Photo 9 – More generic dolls plus a Charlotte and you can see part of the Barbara Brooks doll set (one of at least 3 sets she made) that Laura is describing in the only known recording of her voice. The set made for Laura is now on display at the Laura Ingalls Wilder Branch of the Wright County Library in Mansfield, Missouri and a second set is on display at the museum there.

Photo 10 – Some old clothes, some Laura plates and the current DeSmet version of the china shepherdess.

Photo 11 – More copies of the series in various editions.

Photo 12 – Manuscript in long hand, should be Little Town on the Prairie, but a little hard to read in the photo.

Photo 13 – More of the manuscript, a bound script of an episode of the TV show and some napkin rings labeled as Laura’s.

Holy Terror Days

There was a lot of interest this summer in the twins who played Carrie Ingalls on the Little House on the Prairie TV show coming to Walnut Grove MN (http://www.walnutgrove.org), but it turns out that they were also in Keystone for Holy Terror Days (named for a local gold mine). They have had several people come to Keystone, SD from the TV show and I imagine the crowds are generally less because I rarely hear much about it until after the fact. Carrie lived for many years in Keystone and although her house burned down in the 1970s, you can still see a display of her things at the Keystone Area Historical Society, including what the people in Keystone claim is the original china shepherdess.  Read about the event here:
http://www.rapidcityjournal.com/articles/2008/09/04/news/local/doc48bf6e041e2d4960671169.txt

and the Twins visit here:
http://www.rapidcityjournal.com/articles/2008/09/07/news/top/doc48c339c62dd07052573181.prt

TV Show DVD Release

Normally I don’t talk much about the TV show, but I wanted to share this article.
http://www.tvshowsondvd.com/news/Little-House-Prairie-The-Complete-Series/10303

It looks like there is going to be a special collectors wagon package complete with 3 discs of extra features. No word if Dean Butler is producing them, but I hope that he is involved.

Where did Albert come from?

One of the biggest blows for TV show fans seems to be that Albert Ingalls did not exist in real life. Like many other characters and plots on the show, he came from Michael Landon’s imagination and I think probably in answer to a similar thought to one Dean Butler expressed in an interview from The Homesteader, “What’s Little Joe doing on a show with a bunch of little girls?”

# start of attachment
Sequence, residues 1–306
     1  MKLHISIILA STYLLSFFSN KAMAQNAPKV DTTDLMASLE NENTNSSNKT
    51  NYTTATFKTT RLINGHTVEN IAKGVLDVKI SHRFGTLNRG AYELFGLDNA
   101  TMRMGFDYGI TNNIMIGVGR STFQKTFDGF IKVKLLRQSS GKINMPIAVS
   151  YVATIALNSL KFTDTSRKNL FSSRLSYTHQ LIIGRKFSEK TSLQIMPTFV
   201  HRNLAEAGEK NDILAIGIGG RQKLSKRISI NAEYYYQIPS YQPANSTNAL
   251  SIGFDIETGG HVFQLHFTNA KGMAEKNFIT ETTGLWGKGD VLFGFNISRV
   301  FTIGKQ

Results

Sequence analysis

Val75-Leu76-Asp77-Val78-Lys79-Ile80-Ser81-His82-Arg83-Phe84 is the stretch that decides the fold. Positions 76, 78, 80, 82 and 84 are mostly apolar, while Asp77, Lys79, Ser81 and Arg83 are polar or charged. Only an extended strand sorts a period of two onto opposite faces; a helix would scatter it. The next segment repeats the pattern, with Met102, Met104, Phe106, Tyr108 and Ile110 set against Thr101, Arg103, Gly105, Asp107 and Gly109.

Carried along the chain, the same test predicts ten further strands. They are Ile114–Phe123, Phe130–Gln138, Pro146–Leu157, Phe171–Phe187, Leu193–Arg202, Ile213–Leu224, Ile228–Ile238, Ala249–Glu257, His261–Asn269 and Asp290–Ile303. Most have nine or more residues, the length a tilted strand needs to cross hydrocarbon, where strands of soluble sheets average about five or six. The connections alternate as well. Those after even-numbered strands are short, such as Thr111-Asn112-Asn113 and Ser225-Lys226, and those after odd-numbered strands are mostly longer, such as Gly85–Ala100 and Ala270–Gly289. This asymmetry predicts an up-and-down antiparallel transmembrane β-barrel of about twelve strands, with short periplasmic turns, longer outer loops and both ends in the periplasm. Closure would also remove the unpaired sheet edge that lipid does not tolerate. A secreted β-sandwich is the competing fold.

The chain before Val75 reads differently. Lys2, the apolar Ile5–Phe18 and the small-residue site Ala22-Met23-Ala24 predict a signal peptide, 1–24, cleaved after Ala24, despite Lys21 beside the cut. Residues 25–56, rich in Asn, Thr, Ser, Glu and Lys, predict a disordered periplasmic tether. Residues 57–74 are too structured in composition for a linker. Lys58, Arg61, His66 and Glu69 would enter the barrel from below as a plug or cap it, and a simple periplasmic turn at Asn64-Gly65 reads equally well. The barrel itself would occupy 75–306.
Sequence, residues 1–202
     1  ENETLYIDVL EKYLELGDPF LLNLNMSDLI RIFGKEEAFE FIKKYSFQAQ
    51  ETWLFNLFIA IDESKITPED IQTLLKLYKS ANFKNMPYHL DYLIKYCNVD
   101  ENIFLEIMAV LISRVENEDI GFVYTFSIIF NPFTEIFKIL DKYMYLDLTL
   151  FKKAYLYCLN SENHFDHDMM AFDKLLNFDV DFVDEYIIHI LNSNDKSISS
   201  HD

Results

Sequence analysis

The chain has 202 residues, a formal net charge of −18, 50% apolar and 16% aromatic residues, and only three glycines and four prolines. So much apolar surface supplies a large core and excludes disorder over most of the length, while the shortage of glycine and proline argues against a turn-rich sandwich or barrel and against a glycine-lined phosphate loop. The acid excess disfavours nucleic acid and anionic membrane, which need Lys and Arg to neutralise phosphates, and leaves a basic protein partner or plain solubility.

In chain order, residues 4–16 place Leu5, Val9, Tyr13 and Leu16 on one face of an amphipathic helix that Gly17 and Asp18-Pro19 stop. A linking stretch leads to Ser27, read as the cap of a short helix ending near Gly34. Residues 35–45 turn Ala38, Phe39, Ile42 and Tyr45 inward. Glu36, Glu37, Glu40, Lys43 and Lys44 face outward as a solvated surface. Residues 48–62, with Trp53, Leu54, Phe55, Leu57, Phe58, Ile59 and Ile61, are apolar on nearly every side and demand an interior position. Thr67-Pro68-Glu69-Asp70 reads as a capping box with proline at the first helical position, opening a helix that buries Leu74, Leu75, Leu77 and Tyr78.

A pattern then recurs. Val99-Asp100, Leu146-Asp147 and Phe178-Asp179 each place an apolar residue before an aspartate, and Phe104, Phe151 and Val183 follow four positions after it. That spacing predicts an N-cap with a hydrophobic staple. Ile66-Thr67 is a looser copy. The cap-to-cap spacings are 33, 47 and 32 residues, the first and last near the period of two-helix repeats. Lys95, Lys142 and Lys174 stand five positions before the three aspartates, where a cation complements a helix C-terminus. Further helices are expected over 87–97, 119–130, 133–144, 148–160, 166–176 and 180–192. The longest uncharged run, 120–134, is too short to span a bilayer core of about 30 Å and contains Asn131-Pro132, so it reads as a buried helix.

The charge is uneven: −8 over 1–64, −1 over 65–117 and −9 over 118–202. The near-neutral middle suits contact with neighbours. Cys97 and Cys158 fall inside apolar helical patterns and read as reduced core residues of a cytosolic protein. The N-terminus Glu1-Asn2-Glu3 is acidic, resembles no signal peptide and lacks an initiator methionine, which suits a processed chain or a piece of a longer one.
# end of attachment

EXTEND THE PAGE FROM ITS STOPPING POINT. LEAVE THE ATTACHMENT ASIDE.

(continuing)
Here’s what Landon himself said about the creation of the character shortly before his debut on the show. (The People article also features information about the other kids in cast and more background on the Laborteaux brothers, but you’ll have to get a copy for yourself!)
“Michael Landon’s Gutsy TV Kids Have Faced Bigger Problems in Life than on the Prairie” by Sue Reilly. People Weekly Sept. 11, 1978  This quote appears on p. 96.

“Patrick [Laborteaux] joined the Little House cast last year, and then Landon remembered a promise he’d made to some friends whose son was killed in a car crash – ‘that if I ever found a boy who had Albert’s qualities I would put him on the show and call him Albert.’ Matthew [Laborteaux], who had already played Landon himself as a boy in flashbacks, debuts this fall as Albert.”

UPDATE: Not a lot to update since I originally posted this. People are still asking where Albert came from and this is in my top 20 highest ranking posts. I can add that Patrick Laborteaux (Matthew’s brother) who played Andrew Garvey on Little House on the Prairie went on to play Lt. Cmdr. Bud Roberts on the series JAG. Today you can follow him on Twitter. Looks like he hasn’t check in lately, but when he has an upcoming project he goes active. https://twitter.com/PLabyorteaux

UPDATED January 14, 2016: I fixed some continuing space issues and updated the signature block.

Sarah S. Uthoff is the main force behind Trundlebed Tales striving to bring the History, Mystery, Magic and Imagination of Laura Ingalls Wilder and other greats of children’s literature and history to life for a new generation. Uthoff is a nationally known Laura Ingalls Wilder authority and has presented at five of the Wilder homesites, many conferences and numerous libraries, museums, and events around the Midwest. Attend one of her programs, schedule one yourself, watch her videos, listen to her podcast, and find her on  FacebookTwitterGoogle+, LinkedIn, and Academia.edu. Professionally she is a reference librarian at Kirkwood Community College and director of the Oxford (Iowa) Public Library.